Most interesting to us: if settlement talks fail and this case goes to trial, we expect federal prosecutors will attempt to paint BP as a “rogue” operator that took unusual risks, to convince the judge that the spill resulted from gross negligence.  BP, to defend itself, will likely claim that their operations, well design, and decisionmaking were not so unusual, and were consistent with industry-wide practices.  To make that case BP will have to present lots of information about the offshore drilling industry as a whole, including the safety record, accidents and near-misses experienced by other companies that we never hear about.  None of the official investigations of the BP / Deepwater Horizon spill looked at the industrywide record, leaving many of us wondering:

Just how risky is modern offshore drilling?

A trial may be the only way to answer that question, so we can make better-informed decisions that minimize the likelihood and impact of the next big spill as industry moves steadily forward with deepwater drilling.

File this under “Violators WILL be held accountable for their actions”

We applaud the Pennsylvania DEP after reading the report yesterday on Gantdaily.com‘s website which stated that Catalyst Energy, Inc. has been fined $185,000 for water contamination, erosion violations and spills. Oh my!

It should be noted that these violations occurred at Catalyst’s non-Marcellus oil and gas drilling sites in Forest, McKean and Warren Counties in Pennsylvania. In Forest County, there were 14 incidents of water contamination, with water samples showing higher levels of iron, manganese and methane than in samples taken prior to the start of drilling in those areas. Sloppy, sloppy.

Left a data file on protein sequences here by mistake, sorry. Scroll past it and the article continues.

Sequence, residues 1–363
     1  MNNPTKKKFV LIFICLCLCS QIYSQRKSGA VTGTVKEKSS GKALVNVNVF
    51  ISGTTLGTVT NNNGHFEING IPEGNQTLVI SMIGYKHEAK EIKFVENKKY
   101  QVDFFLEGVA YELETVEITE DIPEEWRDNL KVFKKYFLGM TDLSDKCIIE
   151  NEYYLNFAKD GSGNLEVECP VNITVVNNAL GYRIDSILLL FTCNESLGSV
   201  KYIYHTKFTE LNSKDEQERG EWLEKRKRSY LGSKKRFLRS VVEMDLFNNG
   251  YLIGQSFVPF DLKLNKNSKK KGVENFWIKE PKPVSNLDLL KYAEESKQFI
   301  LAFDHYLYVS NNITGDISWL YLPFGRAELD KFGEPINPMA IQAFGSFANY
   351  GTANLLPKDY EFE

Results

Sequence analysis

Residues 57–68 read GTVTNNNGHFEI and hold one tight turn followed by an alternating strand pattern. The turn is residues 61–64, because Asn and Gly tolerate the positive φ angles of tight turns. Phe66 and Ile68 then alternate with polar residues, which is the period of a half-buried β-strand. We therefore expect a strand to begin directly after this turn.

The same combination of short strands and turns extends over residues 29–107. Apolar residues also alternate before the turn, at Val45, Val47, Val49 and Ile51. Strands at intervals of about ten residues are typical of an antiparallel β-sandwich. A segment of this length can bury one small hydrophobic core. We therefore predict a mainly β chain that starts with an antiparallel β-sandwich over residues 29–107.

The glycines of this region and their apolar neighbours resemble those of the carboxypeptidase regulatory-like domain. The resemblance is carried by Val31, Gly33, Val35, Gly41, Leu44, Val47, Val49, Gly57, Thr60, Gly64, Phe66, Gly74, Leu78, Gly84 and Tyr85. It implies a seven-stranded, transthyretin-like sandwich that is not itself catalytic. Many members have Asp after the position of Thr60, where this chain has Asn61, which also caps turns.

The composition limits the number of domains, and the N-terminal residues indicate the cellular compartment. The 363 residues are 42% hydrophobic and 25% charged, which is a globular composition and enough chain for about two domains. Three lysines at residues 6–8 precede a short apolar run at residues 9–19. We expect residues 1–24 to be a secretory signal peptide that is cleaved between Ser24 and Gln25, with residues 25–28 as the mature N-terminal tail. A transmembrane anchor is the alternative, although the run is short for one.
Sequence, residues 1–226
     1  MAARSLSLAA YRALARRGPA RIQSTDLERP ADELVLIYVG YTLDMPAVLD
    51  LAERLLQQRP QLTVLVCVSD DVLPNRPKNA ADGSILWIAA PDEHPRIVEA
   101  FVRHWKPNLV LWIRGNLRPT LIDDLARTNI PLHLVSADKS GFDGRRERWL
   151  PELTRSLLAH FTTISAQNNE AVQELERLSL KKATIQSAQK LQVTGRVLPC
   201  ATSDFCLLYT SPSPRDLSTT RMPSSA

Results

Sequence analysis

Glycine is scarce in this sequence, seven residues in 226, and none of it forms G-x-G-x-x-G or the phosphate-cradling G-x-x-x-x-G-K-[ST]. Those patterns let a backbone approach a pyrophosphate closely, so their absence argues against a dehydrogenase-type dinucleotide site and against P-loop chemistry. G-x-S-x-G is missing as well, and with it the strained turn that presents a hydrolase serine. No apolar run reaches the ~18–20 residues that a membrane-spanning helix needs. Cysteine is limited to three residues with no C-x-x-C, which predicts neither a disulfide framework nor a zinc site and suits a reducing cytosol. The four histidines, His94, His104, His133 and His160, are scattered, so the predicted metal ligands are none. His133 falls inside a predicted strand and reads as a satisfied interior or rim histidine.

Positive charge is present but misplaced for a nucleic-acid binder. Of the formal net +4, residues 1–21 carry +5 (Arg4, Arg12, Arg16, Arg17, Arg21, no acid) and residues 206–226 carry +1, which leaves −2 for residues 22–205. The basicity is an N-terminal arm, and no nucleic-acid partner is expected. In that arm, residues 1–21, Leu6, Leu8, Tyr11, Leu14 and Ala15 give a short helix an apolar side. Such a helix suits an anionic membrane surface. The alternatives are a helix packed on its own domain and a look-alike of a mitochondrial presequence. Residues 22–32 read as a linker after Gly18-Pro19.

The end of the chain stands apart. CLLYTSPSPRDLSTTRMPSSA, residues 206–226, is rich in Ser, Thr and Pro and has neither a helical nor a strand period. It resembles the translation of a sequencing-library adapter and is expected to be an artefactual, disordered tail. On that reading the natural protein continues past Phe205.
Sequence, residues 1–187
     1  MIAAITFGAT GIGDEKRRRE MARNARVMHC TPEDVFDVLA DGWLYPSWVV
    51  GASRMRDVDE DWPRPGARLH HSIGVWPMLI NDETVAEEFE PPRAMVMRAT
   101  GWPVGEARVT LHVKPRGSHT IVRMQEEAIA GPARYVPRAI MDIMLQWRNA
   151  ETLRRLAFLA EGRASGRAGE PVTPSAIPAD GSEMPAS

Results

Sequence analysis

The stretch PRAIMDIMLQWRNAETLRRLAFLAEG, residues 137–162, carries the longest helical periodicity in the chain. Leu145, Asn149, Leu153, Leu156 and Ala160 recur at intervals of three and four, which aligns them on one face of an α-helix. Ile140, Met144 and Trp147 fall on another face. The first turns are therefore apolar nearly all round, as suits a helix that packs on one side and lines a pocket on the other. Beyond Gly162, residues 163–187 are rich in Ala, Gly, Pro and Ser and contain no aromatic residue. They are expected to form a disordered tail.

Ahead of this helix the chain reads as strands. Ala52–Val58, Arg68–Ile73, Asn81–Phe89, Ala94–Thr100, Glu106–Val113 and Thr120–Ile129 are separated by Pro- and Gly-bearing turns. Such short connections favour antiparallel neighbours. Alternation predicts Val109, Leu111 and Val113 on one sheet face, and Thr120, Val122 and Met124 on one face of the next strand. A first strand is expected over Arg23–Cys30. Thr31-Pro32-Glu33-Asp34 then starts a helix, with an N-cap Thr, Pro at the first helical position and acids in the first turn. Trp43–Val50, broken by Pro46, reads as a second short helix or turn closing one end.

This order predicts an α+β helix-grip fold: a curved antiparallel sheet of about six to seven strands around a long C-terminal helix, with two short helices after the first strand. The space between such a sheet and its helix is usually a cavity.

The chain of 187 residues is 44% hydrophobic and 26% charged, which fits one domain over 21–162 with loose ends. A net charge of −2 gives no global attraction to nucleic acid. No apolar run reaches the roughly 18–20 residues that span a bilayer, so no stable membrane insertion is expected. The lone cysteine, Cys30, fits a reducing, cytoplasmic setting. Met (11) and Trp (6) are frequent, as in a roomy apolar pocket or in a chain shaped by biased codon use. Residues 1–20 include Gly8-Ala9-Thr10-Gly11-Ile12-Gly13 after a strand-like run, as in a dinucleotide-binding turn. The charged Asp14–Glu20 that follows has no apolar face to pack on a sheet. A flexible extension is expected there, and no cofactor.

Read the article to see what other fun things occurred at Catalyst’s sites, and tell us what you think. Is enough being done? Should there be more controls put in place?

6.6 Million Gallons of Crude Oil Spilled in Paulsboro, NJ

Photo courtesy of WPVI-6ABC, Philadelphia

Yesterday there was a spill of 6.6 million gallons of crude oil at the Paulsboro Refinery in Paulsboro, NJ. The Paulsboro Refinery is own by PBF Energy and is located not too far across the Delaware River from the Delaware City Refinery, which is also owned by PBF Energy.

According to a report from the West Deptford Patch, 6.6 million gallons of crude oil spilled into an emergency containment area, but the DEP reports that there is no major health or environmental risks associated with the spill.

Photo courtesy of WPVI-6ABC, Philadelphia

Workers sprayed the oil with foam after the spill occurred yesterday, however due to the rain in the South Jersey area overnight, the foam broke up and the smell is back and has drifted over the river to Marcus Hook, PA. This news report from WPVI-Channel 6 in Philadelphia shows aerial footage taken yesterday in a flyover by their HD camera on Chopper 6. In the footage you can see the foam being sprayed over the spill. Channel 6 reports 6.3 million gallons spilled.

The NRC report, which was taken yesterday at 3:15 p.m reports 10,000 gallons of oil spilled.

Photo courtesy of WPVI-6ABC, Philadelphia